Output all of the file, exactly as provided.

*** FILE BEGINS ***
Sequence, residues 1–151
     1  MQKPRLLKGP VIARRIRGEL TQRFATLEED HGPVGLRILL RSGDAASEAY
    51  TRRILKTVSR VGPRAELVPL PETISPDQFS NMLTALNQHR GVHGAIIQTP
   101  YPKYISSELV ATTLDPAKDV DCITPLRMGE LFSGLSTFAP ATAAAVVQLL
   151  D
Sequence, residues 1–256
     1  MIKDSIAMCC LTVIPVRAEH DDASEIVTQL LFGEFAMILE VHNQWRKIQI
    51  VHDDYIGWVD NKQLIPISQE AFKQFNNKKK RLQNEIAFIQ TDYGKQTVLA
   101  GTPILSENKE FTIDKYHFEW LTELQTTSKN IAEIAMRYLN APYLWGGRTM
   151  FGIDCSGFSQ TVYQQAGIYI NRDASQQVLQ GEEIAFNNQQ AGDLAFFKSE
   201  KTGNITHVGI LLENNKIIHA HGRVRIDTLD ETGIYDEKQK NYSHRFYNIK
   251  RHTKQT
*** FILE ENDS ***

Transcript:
Sequence, residues 1–151
     1  MQKPRLLKGP VIARRIRGEL TQRFATLEED HGPVGLRILL RSGDAASEAY
    51  TRRILKTVSR VGPRAELVPL PETISPDQFS NMLTALNQHR GVHGAIIQTP
   101  YPKYISSELV ATTLDPAKDV DCITPLRMGE LFSGLSTFAP ATAAAVVQLL
   151  D
Sequence, residues 1–256
     1  MIKDSIAMCC LTVIPVRAEH DDASEIVTQL LFGEFAMILE VHNQWRKIQI
    51  VHDDYIGWVD NKQLIPISQE AFKQFNNKKK RLQNEIAFIQ TDYGKQTVLA
   101  GTPILSENKE FTIDKYHFEW LTELQTTSKN IAEIAMRYLN APYLWGGRTM
   151  FGIDCSGFSQ TVYQQAGIYI NRDASQQVLQ GEEIAFNNQQ AGDLAFFKSE
   201  KTGNITHVGI LLENNKIIHA HGRVRIDTLD ETGIYDEKQK NYSHRFYNIK
   251  RHTKQT